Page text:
The determination of TNNT2 insert copy number was performed by three independent methods- I-FISH, ddPCR and qPCR. I-FISH, as a time consuming and technically challenging method, is not commonly used but it allowed the localization and distribution of insert copies in the cell nuclei (Fig. 4A,B and Supplementary Fig. S1A). One of the recent studies 34 on lentiviral integration in a keranocyte genome revealed a unique pattern. Using ligation-mediated PCR followed by sequencing, it was shown that lentiviral integration site within known genes was favoured in introns over exons. Moreover, the sequences of introns did not represent junk DNA, but played a key role in gene expression and regulation. There are also strong indications that the integration site profiles may be influenced by host factors such as cell growth timing or cell cycle35,36. Ronen et al.37 have shown that in bone marrow cells, lentiviral vector integration sites undergo negative selection and become less frequent over prolonged in vitro cell culture, suggesting negative selection. Up to date, methods based on PCR techniques have emerged as a tool for determination of copy number quantification38. Although digital droplet PCR technique (ddPCR) possesses several advantages, such as independence of the standard curve and improved precision39 it is not yet easily accessible for many laboratories. In case of TNNT2 insert copy number, the results obtained from both ddPCR and qPCR revealed a decrease over prolonged in vitro culturing (Fig. 4C,D). In principle ddPCR offers a more precise copy number determination, but our results showed that careful design of the qPCR assay led to a similar conclusion on inserted copy number decrease between cells at different passages as well as documented comparable data. However, values obtained from the I-FISH technique for each cell passage were much higher when compared to both PCR techniques. This is an intriguing observation, because due to the possibility of the direct visualization of inserted copies, I-FISH seems to be the exact method of copy number quantification. Therefore, the additional experiment concerning determination of ACTC copy number vector was performed. The estimated ACTC copy number by I-FISH was about 15 for cells at passage 40 revealing the same high amount of copies as for TNNT2 in I-FISH experiments. At the same time, qPCR results showed a decrease in ACTC copy number (from 5.6 copies to 1.3 copies) as for TNNT2 plasmid, what supported the observation that the decrease in insert copy number over prolonged cell in vitro culture might be a common feature of lentiviral plasmids (Supplementary Fig. S1), but not equal by presented here techniques.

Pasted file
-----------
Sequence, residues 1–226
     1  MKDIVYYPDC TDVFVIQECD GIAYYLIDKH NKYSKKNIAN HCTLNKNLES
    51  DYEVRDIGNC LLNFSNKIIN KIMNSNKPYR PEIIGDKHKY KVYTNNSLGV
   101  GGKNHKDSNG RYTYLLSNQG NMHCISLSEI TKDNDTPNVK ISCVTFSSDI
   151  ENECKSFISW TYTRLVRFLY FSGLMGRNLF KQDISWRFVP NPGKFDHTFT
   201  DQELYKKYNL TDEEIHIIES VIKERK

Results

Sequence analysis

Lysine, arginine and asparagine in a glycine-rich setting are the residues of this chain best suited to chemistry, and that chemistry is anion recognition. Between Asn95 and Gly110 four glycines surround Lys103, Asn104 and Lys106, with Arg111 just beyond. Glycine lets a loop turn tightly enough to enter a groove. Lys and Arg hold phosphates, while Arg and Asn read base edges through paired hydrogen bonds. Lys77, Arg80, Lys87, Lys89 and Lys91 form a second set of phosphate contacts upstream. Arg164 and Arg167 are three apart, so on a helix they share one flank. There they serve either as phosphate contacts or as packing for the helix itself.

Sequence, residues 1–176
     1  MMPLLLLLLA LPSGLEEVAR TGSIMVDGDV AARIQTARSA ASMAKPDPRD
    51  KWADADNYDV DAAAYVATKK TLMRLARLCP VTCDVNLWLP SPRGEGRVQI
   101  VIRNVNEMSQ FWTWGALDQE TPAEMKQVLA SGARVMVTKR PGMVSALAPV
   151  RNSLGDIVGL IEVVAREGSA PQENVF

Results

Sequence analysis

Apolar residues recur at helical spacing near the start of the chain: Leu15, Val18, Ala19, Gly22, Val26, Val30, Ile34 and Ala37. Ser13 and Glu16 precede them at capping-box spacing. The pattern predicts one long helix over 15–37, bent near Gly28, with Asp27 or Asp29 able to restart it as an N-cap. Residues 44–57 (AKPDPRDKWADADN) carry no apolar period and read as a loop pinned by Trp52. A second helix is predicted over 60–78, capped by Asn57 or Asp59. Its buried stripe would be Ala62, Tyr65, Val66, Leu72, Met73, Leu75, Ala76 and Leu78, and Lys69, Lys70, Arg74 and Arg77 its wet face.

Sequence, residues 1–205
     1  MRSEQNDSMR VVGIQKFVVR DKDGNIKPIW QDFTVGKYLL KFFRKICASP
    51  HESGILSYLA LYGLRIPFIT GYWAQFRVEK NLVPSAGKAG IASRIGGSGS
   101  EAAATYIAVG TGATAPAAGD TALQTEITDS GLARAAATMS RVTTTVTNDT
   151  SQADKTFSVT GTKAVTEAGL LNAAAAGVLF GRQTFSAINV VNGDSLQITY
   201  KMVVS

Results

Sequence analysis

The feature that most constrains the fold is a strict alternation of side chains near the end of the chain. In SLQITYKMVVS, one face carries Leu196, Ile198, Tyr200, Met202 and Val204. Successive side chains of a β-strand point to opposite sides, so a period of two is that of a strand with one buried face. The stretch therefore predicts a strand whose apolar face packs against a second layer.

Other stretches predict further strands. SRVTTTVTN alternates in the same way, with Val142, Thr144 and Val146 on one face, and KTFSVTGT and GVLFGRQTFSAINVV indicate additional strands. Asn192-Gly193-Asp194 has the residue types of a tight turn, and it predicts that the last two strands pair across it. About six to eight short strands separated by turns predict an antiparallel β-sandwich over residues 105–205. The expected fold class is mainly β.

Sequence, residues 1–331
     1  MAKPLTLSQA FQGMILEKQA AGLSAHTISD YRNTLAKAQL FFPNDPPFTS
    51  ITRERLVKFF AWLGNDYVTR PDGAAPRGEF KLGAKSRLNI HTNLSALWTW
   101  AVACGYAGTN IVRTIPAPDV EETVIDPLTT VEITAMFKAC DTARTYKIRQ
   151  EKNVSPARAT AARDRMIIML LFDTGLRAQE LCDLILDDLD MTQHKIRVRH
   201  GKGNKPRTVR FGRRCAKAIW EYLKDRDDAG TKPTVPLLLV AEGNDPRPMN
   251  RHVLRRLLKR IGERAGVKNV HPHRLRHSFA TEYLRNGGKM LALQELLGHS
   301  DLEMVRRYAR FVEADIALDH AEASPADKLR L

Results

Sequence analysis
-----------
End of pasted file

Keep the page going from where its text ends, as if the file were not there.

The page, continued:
In the next step, TNNT2/ACTC reporter-modified iPSCs from passages 34–46 were differentiated towards the cardiomyocyte lineage. The best results of promoter reporters activity during the cell differentiation procedure were obtained for cells at passages 34–40 in which elevated expression levels of troponin2 (TNNT2) and cardiac alpha actin (ACTC) were clearly detected at 10 d from the initiation of cell differentiation and were still on an increase at the end of the experiment (14 d) (Fig. 5A). The decreasing copy number of TNNT2 and ACTC over prolonged in vitro cell culture was reflected by decreasing reporter signal intensity during cell differentiation. Similar results have been reported by Migliaccio, who cultured the K562 cell line and observed a decline in GFP expression. As Migliaccio explained, the instability during prolonged in vitro cell culture is probably caused by two possible integrations sites: abundant unstable and rare stable. Abundant unstable sites permit transcription, but transgenes are quickly eliminated, whereas rare stable sites allow efficient transcription and long-term integration40.